Sunday, September 28, 2008

Welcome To Sajjanpur.

Welcome To Sajjanpur comes from visionary director Shyam Benegal. It stars Shreyas Talpade, Amrita Rao, Ravi Kishan, Ila Arun and a whole host of others. Benegal, popularly known for his parallel films, with Welcome To Sajjanpur, shifts to a comedy/parallel film. The touch of realism/naturalism in terms of social and political conditions is unmistakeable in this film, and more often than not, it is the base of it's happenings.

The most flashy thing in Welcome To Sajjanpur comes even before it's opening credits. The UTV Spot Boy banner. From then on, everything about the film is primitive. It's setting. 'Some' village which was once called 'Durjan'pur, but was renamed by Nehru himself to Sajjanpur. It's people. Mostly uneducated. There is a man who portrays a doctor in the film, but he appears in a grand total of one scene. There are the numerous bai's and mausi's, and Ramsingh's and Ramkumar's (among the numerous Ram's whom the narrator speaks of in the introduction, while brushing his teeth with a twig). The comes in the superstitions. I shall only speak of the one that says a girl must get married to a 'kukur' (yes, a dog) because she is, well, unlucky (or whatever one calls it when translated into primitive, religious hindi. Then comes the political state of things. It's election time. There is a eunuch (acted brilliantly by Ravi Jhankal) running for it, along with your gang of gangster-type people who roam about on motorcycles with their 'mamaji's' sitting behind them, carrying a rifle. Etcetera etcetera..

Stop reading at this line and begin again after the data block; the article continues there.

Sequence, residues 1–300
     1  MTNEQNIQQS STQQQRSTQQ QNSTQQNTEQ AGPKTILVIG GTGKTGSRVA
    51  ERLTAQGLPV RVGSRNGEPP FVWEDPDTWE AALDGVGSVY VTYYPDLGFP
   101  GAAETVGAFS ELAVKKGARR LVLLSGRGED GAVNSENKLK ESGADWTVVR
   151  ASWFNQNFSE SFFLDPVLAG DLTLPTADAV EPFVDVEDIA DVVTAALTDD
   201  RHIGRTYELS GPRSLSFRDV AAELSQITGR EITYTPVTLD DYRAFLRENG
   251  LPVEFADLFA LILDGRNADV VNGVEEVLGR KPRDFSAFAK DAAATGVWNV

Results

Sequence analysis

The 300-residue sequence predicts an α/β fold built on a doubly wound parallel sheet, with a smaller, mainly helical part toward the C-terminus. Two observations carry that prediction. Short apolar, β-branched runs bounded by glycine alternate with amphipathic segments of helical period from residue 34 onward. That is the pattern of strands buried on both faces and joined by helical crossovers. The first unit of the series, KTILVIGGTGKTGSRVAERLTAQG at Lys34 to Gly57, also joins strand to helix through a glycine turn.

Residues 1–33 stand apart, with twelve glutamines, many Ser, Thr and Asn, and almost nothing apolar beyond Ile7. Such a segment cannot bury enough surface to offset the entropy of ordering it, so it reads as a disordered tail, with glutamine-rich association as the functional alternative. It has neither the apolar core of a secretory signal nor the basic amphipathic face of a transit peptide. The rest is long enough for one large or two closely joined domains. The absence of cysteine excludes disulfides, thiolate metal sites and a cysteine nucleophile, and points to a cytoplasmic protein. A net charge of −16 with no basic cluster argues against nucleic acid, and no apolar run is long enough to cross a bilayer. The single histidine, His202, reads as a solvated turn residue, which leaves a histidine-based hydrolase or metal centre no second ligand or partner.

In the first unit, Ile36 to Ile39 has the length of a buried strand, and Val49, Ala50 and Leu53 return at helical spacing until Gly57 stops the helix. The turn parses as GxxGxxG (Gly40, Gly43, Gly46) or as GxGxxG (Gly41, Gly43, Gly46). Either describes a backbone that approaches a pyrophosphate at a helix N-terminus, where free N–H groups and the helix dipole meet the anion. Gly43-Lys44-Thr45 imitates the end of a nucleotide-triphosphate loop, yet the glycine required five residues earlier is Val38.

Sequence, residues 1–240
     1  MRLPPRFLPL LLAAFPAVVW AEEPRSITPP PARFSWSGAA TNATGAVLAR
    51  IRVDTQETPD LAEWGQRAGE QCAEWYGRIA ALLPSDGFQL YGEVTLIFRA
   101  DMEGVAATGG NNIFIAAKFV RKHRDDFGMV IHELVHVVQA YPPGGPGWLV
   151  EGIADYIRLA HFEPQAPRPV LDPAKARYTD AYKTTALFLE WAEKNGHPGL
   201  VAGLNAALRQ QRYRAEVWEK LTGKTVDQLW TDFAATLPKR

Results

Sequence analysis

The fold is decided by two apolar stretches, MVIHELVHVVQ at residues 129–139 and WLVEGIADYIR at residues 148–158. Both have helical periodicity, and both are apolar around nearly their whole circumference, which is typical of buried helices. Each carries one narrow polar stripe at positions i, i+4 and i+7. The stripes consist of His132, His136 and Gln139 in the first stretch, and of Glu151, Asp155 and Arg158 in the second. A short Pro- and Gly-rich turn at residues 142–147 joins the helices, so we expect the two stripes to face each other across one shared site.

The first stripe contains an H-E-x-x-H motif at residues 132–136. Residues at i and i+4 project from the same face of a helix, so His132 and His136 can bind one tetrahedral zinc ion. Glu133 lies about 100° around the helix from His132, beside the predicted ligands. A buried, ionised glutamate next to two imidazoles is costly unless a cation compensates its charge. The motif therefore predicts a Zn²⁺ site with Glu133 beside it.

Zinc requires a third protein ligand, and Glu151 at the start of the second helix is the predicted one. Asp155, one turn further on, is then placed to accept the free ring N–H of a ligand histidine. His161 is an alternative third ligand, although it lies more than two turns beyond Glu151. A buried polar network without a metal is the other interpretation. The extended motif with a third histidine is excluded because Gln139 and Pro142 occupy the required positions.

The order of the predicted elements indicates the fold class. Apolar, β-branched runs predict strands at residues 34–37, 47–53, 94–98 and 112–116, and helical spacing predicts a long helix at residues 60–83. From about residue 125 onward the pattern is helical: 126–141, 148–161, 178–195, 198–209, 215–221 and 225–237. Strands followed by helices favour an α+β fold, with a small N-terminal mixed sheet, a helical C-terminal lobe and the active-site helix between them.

Shreyas Talpade does well as the film's lead. The narrative, always having a comedic spark to it, does not dissapoint. The acting is top class. Ila Arun, Yashpal Sharma and Ravi Jhankal are priceless. Also the man who plays the Subedar (damn, i forgot his name). The songs are mediocre. Bheeni bheeni's picturisation is done very well, with what one can only call a dream sequence. Aadmi azad hain acts as the revolutionary (comedy) song, as does Munni ki baari (yes, it was sung after Jhankal's Munni bai won in the election). Kunal Kapoor makes a nice guest appearance.

You wouldn't miss anything if you do not see Welcome To Sajjanpur. It's a decent watch though, which introduces you to certain bits and pieces of primitive Indian thought and action. 6/10.

Sunday, September 14, 2008

The Kite Runner.

The Kite Runner is a film based on Khaled Hosseini's bestselling novel of the same name. It is directed by Marc Foster, and was adapted for the screen by David Benioff. Most of the film's dialogue is in Persian Dari, with subtitles for the regional language. English is also used in the film. It was nominated for an Oscar for Alberto Iglesias's background score.

The Kite Runner is, simply put, a very good book to screen adaptation. It is so predominantly because of the engaging background score which switches comfortably between Middle-Eastern music and Spanish music. Most of the songs are not in English, and the one that is, is sung by a native. The cinematography is decent, never letting one take ones eyes off the screen. The sequences of the kite-flying tournament are particularly well done. The film is never raw in it's depictions of certain political situations. It is frank. Precise.

Marc Foster, better known for directing Monster's Ball and Finding Neverland, captures moments very efficiently. The actors are all very good, which makes the film all the more fun to watch. Khalid Abdalia, who has previously starred in United 93, is of special mention here. He plays the role of Amir as an adult. The Kite Runner is worth a watch. By the time it ends, a soft smile is guaranteed.